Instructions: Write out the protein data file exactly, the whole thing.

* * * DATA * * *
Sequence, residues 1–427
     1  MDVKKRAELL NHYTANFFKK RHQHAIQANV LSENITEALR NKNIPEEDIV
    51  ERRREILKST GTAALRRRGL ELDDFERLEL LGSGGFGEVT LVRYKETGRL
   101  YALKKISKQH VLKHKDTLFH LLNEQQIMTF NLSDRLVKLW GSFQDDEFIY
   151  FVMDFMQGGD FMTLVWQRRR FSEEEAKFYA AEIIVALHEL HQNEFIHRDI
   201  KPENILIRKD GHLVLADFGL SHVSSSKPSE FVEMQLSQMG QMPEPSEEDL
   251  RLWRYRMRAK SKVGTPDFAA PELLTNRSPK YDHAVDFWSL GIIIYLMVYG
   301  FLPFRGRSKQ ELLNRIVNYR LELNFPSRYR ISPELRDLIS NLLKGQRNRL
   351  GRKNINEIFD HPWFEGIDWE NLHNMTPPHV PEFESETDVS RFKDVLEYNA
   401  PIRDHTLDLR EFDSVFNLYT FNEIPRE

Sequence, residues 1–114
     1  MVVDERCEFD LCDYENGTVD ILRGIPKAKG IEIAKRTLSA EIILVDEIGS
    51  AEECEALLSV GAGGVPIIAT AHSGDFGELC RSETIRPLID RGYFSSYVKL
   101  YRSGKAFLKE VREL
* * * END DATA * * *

Sequence, residues 1–427
     1  MDVKKRAELL NHYTANFFKK RHQHAIQANV LSENITEALR NKNIPEEDIV
    51  ERRREILKST GTAALRRRGL ELDDFERLEL LGSGGFGEVT LVRYKETGRL
   101  YALKKISKQH VLKHKDTLFH LLNEQQIMTF NLSDRLVKLW GSFQDDEFIY
   151  FVMDFMQGGD FMTLVWQRRR FSEEEAKFYA AEIIVALHEL HQNEFIHRDI
   201  KPENILIRKD GHLVLADFGL SHVSSSKPSE FVEMQLSQMG QMPEPSEEDL
   251  RLWRYRMRAK SKVGTPDFAA PELLTNRSPK YDHAVDFWSL GIIIYLMVYG
   301  FLPFRGRSKQ ELLNRIVNYR LELNFPSRYR ISPELRDLIS NLLKGQRNRL
   351  GRKNINEIFD HPWFEGIDWE NLHNMTPPHV PEFESETDVS RFKDVLEYNA
   401  PIRDHTLDLR EFDSVFNLYT FNEIPRE

Sequence, residues 1–114
     1  MVVDERCEFD LCDYENGTVD ILRGIPKAKG IEIAKRTLSA EIILVDEIGS
    51  AEECEALLSV GAGGVPIIAT AHSGDFGELC RSETIRPLID RGYFSSYVKL
   101  YRSGKAFLKE VREL